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To pray is to get away

The following essay was written by Rabbi Shapiro for the October 2010 dedication of the supplementary siddur, Palace in Time. Although the essay introduces the new prayerbook, it also presents an approach towards understanding what might happen in any worship service.

“To pray is to get away.”

I know that’s an unusual definition of prayer, but perhaps it’s also a useful way to think about our services and Shabbat as well.

What do we do when we gather for services? In one sense, we do “get away.” We “get away” from business as usual. For at least part of an evening (or morning) we set aside our computers, our handheld devices, television, work, and errands.

In services, a friend of mine once said, we change our orientation. Think of those high school math books with the intersecting lines: one axis on the horizontal; the other on the vertical. For most of the week, we focus on the horizontal. We go from point to point accomplishing various tasks. At services, we stop our forward rush and look up. We “orient” differently. All week we are told, “Don’t just sit there. Do something.” On Shabbat and during services, we listen to another voice that tells us, “Don’t just do something. Sit there. Be.”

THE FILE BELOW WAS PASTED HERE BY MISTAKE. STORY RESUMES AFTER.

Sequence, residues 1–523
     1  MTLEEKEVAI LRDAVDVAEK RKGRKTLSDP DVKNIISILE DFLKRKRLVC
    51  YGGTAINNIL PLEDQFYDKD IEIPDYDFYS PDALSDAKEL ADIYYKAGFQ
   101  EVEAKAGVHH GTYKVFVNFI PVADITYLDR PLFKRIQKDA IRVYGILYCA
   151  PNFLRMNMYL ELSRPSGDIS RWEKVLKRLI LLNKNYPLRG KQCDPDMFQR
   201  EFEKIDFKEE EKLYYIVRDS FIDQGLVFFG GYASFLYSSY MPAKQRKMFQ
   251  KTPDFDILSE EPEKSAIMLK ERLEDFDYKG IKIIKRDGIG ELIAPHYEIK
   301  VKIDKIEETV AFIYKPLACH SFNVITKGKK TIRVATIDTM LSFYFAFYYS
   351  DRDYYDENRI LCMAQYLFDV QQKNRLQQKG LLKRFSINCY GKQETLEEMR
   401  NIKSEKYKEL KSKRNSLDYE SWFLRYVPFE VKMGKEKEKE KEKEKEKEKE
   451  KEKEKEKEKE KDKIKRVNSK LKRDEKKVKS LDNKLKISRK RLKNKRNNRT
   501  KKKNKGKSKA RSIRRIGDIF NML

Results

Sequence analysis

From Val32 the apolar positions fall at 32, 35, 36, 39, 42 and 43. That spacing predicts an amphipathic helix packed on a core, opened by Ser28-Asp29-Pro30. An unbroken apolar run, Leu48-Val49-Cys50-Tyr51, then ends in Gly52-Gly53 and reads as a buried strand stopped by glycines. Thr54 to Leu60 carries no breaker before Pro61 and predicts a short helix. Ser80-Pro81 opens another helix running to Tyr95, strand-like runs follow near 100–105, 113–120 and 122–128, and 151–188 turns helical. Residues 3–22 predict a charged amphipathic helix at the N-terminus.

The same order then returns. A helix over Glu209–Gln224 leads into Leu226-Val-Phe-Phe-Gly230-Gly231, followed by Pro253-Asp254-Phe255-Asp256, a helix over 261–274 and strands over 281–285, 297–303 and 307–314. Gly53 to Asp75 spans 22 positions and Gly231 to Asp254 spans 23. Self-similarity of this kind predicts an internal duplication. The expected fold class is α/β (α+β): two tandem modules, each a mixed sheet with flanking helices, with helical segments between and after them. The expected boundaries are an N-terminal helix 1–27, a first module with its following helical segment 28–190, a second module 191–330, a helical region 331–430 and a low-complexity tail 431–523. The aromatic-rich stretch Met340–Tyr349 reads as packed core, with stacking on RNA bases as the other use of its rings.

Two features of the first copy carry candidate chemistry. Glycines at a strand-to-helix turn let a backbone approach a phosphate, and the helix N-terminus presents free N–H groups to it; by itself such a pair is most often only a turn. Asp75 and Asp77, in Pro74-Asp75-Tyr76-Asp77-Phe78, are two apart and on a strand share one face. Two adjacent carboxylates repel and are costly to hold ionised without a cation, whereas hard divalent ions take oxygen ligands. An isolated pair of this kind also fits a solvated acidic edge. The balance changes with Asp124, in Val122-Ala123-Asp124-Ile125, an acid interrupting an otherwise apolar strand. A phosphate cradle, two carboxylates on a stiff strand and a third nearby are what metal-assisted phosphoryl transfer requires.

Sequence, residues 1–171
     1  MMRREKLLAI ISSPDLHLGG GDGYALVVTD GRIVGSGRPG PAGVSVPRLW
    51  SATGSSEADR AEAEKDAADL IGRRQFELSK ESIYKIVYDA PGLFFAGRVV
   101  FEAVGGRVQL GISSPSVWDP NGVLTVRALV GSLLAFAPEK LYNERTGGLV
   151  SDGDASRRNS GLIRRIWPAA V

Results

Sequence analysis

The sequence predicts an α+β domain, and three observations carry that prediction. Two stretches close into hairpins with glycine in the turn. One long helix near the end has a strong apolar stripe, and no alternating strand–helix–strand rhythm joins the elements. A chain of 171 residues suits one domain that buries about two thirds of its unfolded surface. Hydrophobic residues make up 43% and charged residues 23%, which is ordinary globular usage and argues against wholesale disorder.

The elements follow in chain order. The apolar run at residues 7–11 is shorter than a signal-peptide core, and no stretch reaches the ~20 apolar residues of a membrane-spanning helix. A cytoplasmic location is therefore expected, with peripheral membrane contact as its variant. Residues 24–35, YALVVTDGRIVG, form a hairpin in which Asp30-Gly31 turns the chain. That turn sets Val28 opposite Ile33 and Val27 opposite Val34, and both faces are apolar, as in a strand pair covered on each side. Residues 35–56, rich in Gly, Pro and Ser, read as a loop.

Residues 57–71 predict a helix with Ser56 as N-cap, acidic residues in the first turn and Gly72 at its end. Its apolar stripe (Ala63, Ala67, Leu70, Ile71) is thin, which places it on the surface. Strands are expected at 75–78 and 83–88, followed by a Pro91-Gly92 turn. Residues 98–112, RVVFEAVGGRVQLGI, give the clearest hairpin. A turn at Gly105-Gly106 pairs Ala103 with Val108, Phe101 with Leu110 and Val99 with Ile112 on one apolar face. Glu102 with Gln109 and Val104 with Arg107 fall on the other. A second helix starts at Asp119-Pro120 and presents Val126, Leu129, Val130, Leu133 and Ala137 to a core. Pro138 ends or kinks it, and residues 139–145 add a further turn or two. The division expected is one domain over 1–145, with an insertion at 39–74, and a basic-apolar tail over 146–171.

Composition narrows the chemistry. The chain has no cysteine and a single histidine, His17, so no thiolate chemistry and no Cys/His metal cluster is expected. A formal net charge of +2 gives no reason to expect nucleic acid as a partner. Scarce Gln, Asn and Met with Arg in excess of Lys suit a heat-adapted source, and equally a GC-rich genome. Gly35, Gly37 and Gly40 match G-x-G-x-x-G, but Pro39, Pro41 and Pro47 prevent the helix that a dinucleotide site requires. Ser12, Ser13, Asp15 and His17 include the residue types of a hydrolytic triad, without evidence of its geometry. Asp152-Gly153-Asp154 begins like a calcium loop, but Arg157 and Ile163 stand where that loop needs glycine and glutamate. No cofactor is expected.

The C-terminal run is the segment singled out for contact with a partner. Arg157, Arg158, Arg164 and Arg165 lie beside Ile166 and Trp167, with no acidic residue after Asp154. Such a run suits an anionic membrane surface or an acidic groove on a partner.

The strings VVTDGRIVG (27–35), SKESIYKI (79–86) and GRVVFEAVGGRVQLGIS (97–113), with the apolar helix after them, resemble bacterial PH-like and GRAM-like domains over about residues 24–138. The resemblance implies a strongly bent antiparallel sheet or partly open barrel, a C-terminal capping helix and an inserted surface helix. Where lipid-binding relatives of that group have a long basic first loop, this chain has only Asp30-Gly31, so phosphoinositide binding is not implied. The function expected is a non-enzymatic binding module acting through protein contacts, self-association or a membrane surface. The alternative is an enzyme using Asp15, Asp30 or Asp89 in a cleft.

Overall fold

That’s what I mean by suggesting that, when we pray, we are trying to get away or step outside the ordinary. When we pray, we reorient. We refocus, and hopefully, this supplementary siddur for Sinai Temple will enable us all to accomplish this purpose more comfortably, more fully, and with real joy.

The Cantor and I have collected music, prayers, and readings for this booklet that are varied, contemporary, and thought provoking. We’ve provided transliteration so that Hebrew doesn’t become an obstacle to prayer. We also imagine the service being used in a number of ways. For services when we want to highlight music and use more instrumentation, we’ve provided lots of texts that can be sung. For Kabbalat Shabbat, when it’s customary to read Psalms 95 to 99, we’ve made those texts available together towards the beginning of the service. We won’t ever have a service where we use every page of this siddur, because this booklet contains material for much more than one service. But over time we will pick and choose as we find our way towards the feeling of Shabbat and authentic worship.

This booklet is called “a palace in time” because it suggests that we are indeed trying to get somewhere when we pray on Shabbat. We are trying to get to a different place, a holy place. To paraphrase Abraham Joshua Heschel, “The seventh day and prayer right our balance and restore our perspective.  Like a palace in time...not a date, but an atmosphere. When we pray on the seventh day, we are called upon to share in what is eternal in time. To turn from the results of creation to the mystery of creation; from the world of creation to the creation of the world.”

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May this siddur help us in our prayers.

May something holy happen when we come together in this sanctuary.


Rabbi Mark Shapiro,
Shabbat Vayera,
October 2010

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